Many women attempt to remove unwanted hairs, especially those around the lip, chin or neck, chest and stomach by plucking them out by the roots. Granted, when a woman tweezes out unwanted hair it does take longer to grow back than if, say, it has been shaved off at the skin level. But the fact is that repeated threading, plucks and waxes, can eventually cause hairs to regrow more quickly, multiply and to become darker, coarser and more firmly rooted. Only a fraction of all tweezed hairs are ever permanently eliminated. Thus a woman who tweezes, is simply letting herself in for greater hair problems than she had before she tweezed; rather than solving her problem, she is worsening it.
Increased blood supply is the reason for accelerated growth of tweezed hair. Each time a hair is tweezed out of its follicle, a good portion of the bottom half of the follicle is torn out. The damage is not sufficient enough to stop future growth BUT it is enough to cause the follicle to reconstruct itself a little sturdier with a better developed blood supply system each time. Eventually what may have been a few annoying hairs will have become full grown black hairs.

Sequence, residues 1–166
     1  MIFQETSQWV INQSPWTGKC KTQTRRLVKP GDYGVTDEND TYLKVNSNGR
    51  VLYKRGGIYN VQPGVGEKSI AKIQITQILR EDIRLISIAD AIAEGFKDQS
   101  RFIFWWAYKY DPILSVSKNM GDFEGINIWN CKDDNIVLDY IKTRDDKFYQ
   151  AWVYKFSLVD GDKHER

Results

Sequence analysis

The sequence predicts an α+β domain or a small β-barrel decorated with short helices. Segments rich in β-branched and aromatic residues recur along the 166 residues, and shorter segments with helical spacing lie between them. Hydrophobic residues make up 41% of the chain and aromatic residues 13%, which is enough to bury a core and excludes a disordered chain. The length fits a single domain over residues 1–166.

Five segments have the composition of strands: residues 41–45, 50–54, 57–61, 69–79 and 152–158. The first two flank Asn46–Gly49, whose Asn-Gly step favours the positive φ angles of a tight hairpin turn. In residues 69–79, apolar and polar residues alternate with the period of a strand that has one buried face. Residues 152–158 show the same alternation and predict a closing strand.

This is not the only reason to refrain from tweezing, waxing or threading. Occasionally when a hair is plucked, The resulting cavity can become infected. Deep pustules that result leave a whitish scar or pit. You may also cause ingrown hairs.
Shaving/Cutting on the other hand has been found to have no effect whatsoever on hair growth. Only irritation of an intense nature (tweezing or rubbing the skin, x-rays, ultra-violet lights, constant chafing from being in a cast and even sunburn) sustained over long periods of time is able to accelerate hair growth. It is a myth that hair grows darker or thicker from shaving.
Waxing, when done, removes most of the hairs and their roots. Places will sometimes offer misleading claims about the permanence of hair removal with this technique when used in hormonal areas.
As mentioned earlier, any form of tweezing, including waxing or threading, will meet with some success. On certain people and on certain areas, particularly the eyebrows, legs and arms, some lighter, softer hair will "give up" after being uprooted many times.